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4-digit catastrophe

Daniel was out shopping when he dropped his wallet. Someone picked up the wallet and went on a shopping trip of their own. In the wallet was Daniel’s credit card, to which Daniel had stuck a post-it note with the PIN for the card.

The thief withdrew the maximum he could, $300, from Daniels’s credit card before discarding the wallet.


Daniel contacted his credit card provider for a refund of the loss, but the provider declined this request as their terms and conditions explicitly tell users to not keep any record of their PIN with their card. As such, keeping the PIN with the card was a breach of the credit card provider’s agreement with Daniel.


We agreed with the credit card provider and decided that Daniel keeping his PIN number with his credit card was a clear breach of the card’s terms and conditions. The provider was within their right not to refund the money taken.


We told Daniel that the best option for him was to discontinue his complaint and use this experience as a lesson for the future. Although unhappy with this result, Daniel accepted that he shouldn’t have written his PIN down and certainly shouldn’t have kept it with his card.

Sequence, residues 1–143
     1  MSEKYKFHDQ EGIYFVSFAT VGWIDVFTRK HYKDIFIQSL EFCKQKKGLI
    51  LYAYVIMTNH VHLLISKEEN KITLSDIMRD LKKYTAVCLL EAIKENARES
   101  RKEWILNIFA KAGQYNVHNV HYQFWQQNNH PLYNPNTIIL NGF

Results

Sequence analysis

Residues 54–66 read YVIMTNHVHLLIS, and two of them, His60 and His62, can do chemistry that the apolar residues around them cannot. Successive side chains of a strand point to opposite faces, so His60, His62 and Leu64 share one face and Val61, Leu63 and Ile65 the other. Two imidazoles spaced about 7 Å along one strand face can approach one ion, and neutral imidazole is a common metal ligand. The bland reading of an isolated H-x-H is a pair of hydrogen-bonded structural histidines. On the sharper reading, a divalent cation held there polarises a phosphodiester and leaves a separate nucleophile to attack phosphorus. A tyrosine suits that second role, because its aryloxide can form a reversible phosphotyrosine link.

Insights for consumers

There are many ways to keep your credit and debit cards secure:

  • sign your credit card as soon as you receive it
  • keep an eye out for odd-looking devices on ATMs or PIN pads – you could be at risk of being skimmed. Skimming is when fraudsters use a device to copy your card’s details
  • cover your PIN when entering
  • get receipts for your transactions and then check those receipts against your statements
  • if you need to destroy an expired card, or one you no longer want, make sure you cut through the magnetic stripe and the signature
  • never write down your PIN or share it with anybody.

If you suspect that your PIN number has been compromised, tell your card provider straight away. It may also be possible to put a temporary block on the card yourself using a mobile app or via internet banking.

You will never be asked for your PIN by your bank or credit card provider.